Detroit Lions (6-10) - Detroit is Minnesota circa 2001. Very good receivers, but no one to get them the ball. The QB is diminishing, there's no consistent running back. A good secondary, but no pass rush to take the heat off. This team maxes out at 7 wins.
Chicago Bears (5-11) - Call The Common Man skeptical of the Kyle Orton era. No QB + running game in flux + losing best receiver to division rival (Bernard Berrian to Vikings) + rough D-line play = bad juju. This is Lovie Smith's last stand, especially if the defense underperforms again.

NFC West
Seattle Seahawks (11-5) - The good news: Swapping out Shaun Alexander for Julius Jones shouldn't hurt as much as you think. The O-line is solid, the defense is good. Matt Hasselback is still one of the 5 best QBs in the NFC. The bad news: The receivers are old and/or injured and/or inconsistent. Their brutal schedule takes them to Dallas, New York (Giants), and Tampa Bay, while the Patriots, Jets, Eagles, and Packers all come to town. If they win three of those games, they should coast to the division title.
Arizona Cardinals (9-7) - Two good receivers and a solid RB are not going to make up for a quarterback controversy, chemistry problems, and the most apathetic fan base this side of the Pittsburgh Pirates. Anquan Boldin has asked to be traded, Matt Leinert's has lost the confidence of his team, and Kurt Warner moves as well in the pocket as a tuna does in a net. Yes, the Cardinals kept it close all last year, but color The Common Man incredibly skeptical. These are, after all, the Cardinals. Throw in a schedule that ends with Minnesota, @ New England, Seattle, you can expect Arizona to be limping over the finish line.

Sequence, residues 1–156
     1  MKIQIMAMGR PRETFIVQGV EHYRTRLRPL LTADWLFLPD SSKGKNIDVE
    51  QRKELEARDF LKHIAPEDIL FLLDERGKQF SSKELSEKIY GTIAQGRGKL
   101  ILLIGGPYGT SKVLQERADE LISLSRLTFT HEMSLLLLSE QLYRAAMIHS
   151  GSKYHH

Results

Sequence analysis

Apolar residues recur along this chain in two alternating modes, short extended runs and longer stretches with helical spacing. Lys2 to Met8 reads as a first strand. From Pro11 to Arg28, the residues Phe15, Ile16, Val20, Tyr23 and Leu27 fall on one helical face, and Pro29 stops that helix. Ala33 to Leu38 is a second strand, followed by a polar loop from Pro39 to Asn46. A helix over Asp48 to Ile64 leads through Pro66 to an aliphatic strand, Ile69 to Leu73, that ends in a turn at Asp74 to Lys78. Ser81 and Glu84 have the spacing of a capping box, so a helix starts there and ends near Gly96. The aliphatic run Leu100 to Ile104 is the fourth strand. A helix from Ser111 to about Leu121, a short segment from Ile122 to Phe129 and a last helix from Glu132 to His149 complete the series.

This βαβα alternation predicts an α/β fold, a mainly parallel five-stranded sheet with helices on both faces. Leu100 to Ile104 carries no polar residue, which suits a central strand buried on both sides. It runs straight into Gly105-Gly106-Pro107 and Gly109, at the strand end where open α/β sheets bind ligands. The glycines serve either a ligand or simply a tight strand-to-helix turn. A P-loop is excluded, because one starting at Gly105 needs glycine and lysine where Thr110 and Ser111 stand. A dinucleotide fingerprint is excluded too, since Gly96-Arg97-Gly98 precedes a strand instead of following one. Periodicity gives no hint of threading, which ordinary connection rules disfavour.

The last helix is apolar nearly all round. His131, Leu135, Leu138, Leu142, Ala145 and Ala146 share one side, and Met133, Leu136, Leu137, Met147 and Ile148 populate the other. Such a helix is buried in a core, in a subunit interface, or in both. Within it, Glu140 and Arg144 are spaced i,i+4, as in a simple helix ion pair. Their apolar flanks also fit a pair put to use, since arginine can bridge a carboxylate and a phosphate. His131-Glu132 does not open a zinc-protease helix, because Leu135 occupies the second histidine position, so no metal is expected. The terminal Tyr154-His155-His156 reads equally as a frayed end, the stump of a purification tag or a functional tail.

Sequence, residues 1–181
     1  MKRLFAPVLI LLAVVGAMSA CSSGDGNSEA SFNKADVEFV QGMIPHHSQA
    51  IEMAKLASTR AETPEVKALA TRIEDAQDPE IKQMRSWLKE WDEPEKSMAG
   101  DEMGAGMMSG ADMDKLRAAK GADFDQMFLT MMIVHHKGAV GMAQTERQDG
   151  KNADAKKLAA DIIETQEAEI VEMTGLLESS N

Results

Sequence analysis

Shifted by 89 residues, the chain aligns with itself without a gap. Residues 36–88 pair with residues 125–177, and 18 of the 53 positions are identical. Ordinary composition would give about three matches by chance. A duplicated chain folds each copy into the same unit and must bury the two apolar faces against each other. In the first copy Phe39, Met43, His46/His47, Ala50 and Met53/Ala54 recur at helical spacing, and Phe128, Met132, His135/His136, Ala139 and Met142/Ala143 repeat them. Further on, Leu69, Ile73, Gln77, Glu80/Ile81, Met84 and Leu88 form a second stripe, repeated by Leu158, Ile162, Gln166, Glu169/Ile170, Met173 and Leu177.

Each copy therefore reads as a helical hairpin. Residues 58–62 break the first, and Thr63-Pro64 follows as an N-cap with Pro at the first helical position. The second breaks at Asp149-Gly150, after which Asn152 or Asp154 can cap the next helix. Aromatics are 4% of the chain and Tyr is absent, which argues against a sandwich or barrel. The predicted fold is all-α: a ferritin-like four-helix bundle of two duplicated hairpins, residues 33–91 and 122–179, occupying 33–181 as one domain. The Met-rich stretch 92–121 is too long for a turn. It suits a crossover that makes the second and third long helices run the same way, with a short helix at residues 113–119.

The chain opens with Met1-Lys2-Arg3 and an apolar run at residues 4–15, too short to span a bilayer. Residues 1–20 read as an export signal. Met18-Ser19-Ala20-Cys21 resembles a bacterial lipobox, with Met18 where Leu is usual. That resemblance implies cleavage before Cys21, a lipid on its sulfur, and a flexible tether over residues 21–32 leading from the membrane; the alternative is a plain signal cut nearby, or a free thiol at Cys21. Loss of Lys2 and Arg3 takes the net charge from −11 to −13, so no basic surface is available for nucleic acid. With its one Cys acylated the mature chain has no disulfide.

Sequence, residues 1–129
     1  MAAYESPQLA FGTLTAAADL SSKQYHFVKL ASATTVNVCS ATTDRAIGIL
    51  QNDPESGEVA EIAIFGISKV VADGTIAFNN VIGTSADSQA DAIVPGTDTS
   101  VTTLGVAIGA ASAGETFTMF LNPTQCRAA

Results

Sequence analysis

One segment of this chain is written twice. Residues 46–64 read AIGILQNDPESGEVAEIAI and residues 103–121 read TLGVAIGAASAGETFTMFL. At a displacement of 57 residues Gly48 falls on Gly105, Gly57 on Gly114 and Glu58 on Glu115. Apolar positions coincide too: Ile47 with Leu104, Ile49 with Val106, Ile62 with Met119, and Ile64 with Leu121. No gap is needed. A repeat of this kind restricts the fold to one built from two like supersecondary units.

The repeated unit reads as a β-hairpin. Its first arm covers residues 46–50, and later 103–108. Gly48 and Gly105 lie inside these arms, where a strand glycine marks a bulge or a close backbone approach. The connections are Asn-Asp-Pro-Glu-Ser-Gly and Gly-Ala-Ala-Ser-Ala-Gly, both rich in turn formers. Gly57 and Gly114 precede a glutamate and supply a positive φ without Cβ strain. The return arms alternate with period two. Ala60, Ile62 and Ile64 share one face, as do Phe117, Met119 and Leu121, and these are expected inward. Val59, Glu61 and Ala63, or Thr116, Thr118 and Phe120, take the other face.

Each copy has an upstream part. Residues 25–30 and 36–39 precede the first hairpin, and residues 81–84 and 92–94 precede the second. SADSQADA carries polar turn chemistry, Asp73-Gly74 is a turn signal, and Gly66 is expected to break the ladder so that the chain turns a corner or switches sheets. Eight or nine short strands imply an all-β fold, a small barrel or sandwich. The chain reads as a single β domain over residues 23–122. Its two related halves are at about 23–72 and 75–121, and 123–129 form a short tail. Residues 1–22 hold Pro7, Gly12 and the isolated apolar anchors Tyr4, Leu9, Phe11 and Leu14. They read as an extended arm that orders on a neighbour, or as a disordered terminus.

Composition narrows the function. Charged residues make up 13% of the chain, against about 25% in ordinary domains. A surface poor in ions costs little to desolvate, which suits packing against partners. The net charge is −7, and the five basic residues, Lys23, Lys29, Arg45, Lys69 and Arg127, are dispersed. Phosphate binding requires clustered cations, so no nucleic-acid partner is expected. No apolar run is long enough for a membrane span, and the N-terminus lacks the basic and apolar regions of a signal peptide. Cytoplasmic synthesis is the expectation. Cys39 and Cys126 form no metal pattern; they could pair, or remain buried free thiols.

San Francisco 49ers (6-10) - Frank Gore is an excellent running back who will help the team grind and hold leads (if they get any) and the defense will be improved with the addition of Takeo Spikes and Justin Smith. Question marks at QB (J.T. O'Sullivan??? Why isn't he just Irish McIrelandpants?), head coach (the Mike Nolan era has not gone well), and the offensive line (the worst in the league last year, and largely unimproved upon). A manageable schedule helps, and so will new offensive coordinator Mike Martz. But it won't help enough and Nolan is dead man walking. Wherefore art though Joe Montana, Steve Young, Jerry Rice, and Roger Craig?
St. Louis Rams (4-12) - The Common Man just thinks the Rams are set to fall apart this year. The O-line is healthy for now, but fragile. Bulger can't move enough to avoid the rush. Steven Jackson is coming in late following an extended holdout. Torry Holt has lost a step or three. The defense is attrocious. Head coach Scott Linehan may not last the season.

NFC South
New Orleans Saints (11-5) - Drew Brees, with an improved pass game and Deuce McAllister back, will lead this team to a nice rebound year. Look for McAllister's return to open up more opportunities for Marques Colston deep and new toy Jeremy Shockey over the middle. And it will also allow the Saints to use Reggie Bush creatively as well. Bush may never be the superstar he was billed as, but he can be an explosive playmaker in the right situation. Look for a stronger defensive rush to make the entire secondary look better.